The First Amendment helps protect minority beliefs, speech, opinions, and religions. The RFRA ensures the government does not restrict religious practices, especially minority ones, unless the high burden of strict scrutiny is met. When drugs are being used in small amounts and in controlled environments it does not seem like the government should intervene. 

Hallucinogenic drug use is gaining limited, but notable popularity. For example, there are retreats with hoasca ceremonies. However, drug use in these situations seems to be far removed from the purpose of the First Amendment. The RFRA test would probably allow the government to restrict these retreat ceremonies. Retreat participants are paying for this experience and are not truly members of a church or religious group. And the risks of unregulated experiences seem to be much greater. Some might even argue that by allowing these retreats the government could be seen as minimizing important traditional practices of true religious groups.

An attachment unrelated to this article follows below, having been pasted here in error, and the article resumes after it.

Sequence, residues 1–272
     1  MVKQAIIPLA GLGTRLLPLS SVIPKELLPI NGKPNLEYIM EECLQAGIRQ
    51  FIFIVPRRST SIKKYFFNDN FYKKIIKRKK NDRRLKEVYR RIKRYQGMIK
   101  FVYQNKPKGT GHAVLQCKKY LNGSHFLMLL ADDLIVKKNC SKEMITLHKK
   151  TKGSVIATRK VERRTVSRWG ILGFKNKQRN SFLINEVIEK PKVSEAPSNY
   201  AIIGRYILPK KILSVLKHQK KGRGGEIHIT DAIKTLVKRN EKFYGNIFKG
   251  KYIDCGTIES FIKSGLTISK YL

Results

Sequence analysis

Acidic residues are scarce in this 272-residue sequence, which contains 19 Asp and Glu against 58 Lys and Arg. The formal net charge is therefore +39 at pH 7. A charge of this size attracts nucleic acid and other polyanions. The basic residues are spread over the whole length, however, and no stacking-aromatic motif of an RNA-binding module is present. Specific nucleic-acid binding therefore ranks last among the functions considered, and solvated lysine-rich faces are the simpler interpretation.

The government is obligated to protect legitimate First Amendment rights. On the other hand, the government should not automatically believe every request for an exception to legitimate laws. The government is required to balance competing interests.   The RFRA and Gonzales are not blank checks to use any drug and claim religious protection. But, they are appropriate and necessary to safeguard religious practices when the government cannot show there is a serious, legitimate need to restrict First Amendment rights.